What’s wonderful about them is that they have such low bar for entry, comparatively. All you need is a mic, a computer, and a guide to figure out how to set up a feed. There were a couple of times in the last few years that I’ve worked with friends on podcast projects that never really quite got going – we’d record a few episodes and have fun arguing about different movies – but it never quite clicked. And yet, all we out were maybe $70 and a few hours of our lives, enjoyably spent.

Then another good friend of mine from college, Gabriel Urbina, sent me this pilot script he’d written for a radio drama set on a space station. It was an interesting script, very funny, and with the potential to be even funnier. After asking him if I could do a pass on it, I pretty much got hooked. Audio dramas, specifically, are a wonderful writing challenge. You have to rely on suggestion in order to tell the story. Very different from the broader building blocks prose gives you, and way more slinky and fluid than the clarity of an image. The show needs the listener in order to make it come alive. So writing for radio isn’t about what you imagine’s going on in a room on a space station, say. It’s about what you allow to be imagined, what’s going on in someone else’s head – that’s the experience.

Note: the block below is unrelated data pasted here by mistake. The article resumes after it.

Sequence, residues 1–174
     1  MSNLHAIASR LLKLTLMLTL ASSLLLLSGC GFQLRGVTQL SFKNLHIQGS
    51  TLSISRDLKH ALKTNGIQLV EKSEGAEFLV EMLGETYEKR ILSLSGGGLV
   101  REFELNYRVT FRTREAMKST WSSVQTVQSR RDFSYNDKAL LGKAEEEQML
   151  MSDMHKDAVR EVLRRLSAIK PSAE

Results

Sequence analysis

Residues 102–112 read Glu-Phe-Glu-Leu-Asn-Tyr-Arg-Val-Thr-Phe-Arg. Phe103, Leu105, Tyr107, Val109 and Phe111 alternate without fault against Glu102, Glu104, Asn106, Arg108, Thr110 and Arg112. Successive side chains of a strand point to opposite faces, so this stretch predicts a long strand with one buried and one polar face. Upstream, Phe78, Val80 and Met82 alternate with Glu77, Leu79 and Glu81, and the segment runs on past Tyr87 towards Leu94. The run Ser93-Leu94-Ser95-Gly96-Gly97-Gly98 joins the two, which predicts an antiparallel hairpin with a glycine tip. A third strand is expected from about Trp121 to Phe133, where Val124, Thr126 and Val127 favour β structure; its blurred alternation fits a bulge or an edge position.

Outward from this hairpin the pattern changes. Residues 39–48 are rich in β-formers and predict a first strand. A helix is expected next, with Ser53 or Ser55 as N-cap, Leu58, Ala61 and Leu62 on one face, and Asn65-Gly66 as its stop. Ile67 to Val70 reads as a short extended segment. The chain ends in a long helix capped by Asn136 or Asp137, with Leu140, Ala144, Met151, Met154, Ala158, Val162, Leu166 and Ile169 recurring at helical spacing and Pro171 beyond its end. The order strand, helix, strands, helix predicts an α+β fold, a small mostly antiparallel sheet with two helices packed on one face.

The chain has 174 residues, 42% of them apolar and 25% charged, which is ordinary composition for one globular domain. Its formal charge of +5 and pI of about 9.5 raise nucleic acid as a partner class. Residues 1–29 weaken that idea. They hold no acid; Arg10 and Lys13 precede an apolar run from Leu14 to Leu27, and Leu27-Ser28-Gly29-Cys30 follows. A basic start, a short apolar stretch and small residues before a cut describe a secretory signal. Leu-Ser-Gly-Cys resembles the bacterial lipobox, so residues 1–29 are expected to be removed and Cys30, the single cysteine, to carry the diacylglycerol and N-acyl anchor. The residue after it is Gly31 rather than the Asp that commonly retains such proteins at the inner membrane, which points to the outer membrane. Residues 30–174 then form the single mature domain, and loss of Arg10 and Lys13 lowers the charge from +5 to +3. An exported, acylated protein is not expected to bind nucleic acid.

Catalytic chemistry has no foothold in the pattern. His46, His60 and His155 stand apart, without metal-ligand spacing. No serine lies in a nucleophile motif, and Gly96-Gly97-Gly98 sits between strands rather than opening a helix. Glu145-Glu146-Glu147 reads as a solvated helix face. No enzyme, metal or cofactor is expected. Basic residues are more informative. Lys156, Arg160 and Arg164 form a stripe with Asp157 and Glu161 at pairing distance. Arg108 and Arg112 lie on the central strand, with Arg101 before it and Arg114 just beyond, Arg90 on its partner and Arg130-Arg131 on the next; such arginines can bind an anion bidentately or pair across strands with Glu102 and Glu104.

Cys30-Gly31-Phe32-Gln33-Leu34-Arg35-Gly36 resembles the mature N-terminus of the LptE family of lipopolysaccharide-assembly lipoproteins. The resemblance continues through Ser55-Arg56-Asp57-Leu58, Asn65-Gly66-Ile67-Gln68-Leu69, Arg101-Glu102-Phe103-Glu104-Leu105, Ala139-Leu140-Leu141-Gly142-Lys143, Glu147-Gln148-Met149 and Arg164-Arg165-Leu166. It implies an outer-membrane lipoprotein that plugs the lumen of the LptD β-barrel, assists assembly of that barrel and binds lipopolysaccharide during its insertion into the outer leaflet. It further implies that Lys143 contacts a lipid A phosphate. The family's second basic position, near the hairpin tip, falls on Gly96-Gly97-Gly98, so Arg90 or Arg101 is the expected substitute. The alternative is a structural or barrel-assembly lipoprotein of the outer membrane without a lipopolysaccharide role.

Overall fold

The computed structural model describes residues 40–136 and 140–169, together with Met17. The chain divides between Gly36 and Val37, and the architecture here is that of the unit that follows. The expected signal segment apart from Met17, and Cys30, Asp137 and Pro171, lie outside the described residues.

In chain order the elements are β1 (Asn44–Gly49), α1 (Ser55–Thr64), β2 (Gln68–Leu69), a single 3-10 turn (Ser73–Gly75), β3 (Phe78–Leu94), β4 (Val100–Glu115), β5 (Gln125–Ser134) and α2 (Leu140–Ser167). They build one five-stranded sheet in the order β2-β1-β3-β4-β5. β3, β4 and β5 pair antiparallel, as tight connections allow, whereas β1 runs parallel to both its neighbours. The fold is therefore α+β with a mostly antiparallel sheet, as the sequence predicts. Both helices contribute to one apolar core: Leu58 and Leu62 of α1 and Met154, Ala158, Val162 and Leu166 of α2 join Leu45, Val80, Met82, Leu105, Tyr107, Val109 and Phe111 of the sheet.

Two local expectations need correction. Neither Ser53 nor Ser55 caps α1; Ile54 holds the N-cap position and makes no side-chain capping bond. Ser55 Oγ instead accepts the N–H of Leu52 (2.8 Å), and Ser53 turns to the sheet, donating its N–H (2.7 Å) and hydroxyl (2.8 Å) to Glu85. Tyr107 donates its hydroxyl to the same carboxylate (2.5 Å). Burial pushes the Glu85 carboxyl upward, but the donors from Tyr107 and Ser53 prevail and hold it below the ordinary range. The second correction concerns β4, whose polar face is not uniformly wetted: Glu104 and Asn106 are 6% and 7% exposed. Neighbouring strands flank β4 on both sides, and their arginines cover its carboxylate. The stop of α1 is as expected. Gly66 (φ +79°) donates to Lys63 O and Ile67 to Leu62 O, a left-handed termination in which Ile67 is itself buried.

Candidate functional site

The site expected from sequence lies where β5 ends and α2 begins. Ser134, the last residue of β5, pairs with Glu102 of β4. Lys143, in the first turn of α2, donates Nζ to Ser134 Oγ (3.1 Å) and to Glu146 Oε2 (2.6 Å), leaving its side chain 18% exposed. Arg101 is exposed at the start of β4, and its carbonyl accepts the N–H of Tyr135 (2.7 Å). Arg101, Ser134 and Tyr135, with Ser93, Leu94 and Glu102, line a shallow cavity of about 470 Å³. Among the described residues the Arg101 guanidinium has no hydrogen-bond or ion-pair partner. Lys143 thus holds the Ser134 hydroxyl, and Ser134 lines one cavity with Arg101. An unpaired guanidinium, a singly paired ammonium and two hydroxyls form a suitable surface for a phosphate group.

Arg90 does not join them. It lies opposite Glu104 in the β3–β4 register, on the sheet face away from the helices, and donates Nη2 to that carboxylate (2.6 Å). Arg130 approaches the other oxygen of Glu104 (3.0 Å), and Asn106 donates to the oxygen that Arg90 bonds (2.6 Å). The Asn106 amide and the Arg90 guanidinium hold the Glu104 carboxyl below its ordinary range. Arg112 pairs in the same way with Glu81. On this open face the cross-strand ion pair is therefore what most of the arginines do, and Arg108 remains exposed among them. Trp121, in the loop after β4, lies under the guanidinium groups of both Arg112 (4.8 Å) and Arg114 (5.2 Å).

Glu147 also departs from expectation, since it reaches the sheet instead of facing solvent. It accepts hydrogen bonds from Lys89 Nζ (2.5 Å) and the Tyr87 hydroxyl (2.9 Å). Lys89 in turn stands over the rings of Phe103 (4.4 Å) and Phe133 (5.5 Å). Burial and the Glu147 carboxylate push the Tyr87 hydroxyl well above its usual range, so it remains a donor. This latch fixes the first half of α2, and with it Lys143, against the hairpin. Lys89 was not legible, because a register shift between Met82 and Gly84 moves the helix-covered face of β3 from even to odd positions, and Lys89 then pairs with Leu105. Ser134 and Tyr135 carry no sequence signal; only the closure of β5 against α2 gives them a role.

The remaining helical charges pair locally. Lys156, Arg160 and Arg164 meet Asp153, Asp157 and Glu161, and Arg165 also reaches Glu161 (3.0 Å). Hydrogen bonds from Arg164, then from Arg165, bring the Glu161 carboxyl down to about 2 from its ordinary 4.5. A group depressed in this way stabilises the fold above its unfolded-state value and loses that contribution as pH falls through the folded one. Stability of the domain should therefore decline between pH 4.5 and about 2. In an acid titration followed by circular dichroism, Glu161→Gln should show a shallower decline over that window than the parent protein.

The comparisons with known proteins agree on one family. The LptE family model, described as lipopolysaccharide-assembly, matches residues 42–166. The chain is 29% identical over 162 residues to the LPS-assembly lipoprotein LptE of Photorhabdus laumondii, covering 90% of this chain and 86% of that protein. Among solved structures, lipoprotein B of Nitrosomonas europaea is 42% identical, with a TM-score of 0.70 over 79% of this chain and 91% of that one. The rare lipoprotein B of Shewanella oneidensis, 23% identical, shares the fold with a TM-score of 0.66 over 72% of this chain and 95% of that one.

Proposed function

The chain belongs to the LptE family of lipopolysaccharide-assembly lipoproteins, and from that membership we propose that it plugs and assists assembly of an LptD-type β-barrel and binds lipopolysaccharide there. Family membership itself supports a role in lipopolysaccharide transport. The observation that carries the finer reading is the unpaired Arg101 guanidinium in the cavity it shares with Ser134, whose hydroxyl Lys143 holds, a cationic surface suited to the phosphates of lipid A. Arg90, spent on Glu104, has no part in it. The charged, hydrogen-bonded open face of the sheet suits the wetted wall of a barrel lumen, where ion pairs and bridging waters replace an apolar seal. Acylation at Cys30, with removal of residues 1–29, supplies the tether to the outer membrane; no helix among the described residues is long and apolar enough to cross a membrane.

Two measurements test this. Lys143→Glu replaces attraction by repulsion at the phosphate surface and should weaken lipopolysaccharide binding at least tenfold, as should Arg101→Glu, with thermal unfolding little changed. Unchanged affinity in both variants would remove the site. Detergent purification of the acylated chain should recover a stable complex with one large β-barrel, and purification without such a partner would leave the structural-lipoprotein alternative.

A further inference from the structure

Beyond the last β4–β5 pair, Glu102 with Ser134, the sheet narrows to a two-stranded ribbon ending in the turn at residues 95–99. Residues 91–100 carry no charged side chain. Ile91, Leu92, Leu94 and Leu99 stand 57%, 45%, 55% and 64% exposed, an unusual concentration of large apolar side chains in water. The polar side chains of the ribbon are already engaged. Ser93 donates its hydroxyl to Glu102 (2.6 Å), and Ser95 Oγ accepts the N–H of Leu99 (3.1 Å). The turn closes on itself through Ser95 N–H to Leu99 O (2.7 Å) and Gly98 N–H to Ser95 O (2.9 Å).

3. What are some of the challenges of writing an audio drama? What are some of the opportunities it provides? How does it differ from screen writing, novels, etc.?